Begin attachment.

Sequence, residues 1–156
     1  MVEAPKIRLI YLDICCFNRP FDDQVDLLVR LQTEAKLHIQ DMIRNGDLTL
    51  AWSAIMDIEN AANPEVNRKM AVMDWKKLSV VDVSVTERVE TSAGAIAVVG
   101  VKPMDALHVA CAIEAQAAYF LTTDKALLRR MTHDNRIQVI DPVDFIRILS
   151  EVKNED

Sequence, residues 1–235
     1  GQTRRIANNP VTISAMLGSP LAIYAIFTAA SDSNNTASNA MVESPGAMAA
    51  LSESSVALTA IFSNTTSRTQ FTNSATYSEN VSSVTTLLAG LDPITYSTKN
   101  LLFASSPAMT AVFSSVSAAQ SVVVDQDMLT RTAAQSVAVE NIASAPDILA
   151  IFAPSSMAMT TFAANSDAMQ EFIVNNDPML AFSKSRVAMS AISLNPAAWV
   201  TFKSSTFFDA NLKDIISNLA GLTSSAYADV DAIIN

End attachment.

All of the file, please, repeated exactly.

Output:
Sequence, residues 1–156
     1  MVEAPKIRLI YLDICCFNRP FDDQVDLLVR LQTEAKLHIQ DMIRNGDLTL
    51  AWSAIMDIEN AANPEVNRKM AVMDWKKLSV VDVSVTERVE TSAGAIAVVG
   101  VKPMDALHVA CAIEAQAAYF LTTDKALLRR MTHDNRIQVI DPVDFIRILS
   151  EVKNED

Sequence, residues 1–235
     1  GQTRRIANNP VTISAMLGSP LAIYAIFTAA SDSNNTASNA MVESPGAMAA
    51  LSESSVALTA IFSNTTSRTQ FTNSATYSEN VSSVTTLLAG LDPITYSTKN
   101  LLFASSPAMT AVFSSVSAAQ SVVVDQDMLT RTAAQSVAVE NIASAPDILA
   151  IFAPSSMAMT TFAANSDAMQ EFIVNNDPML AFSKSRVAMS AISLNPAAWV
   201  TFKSSTFFDA NLKDIISNLA GLTSSAYADV DAIIN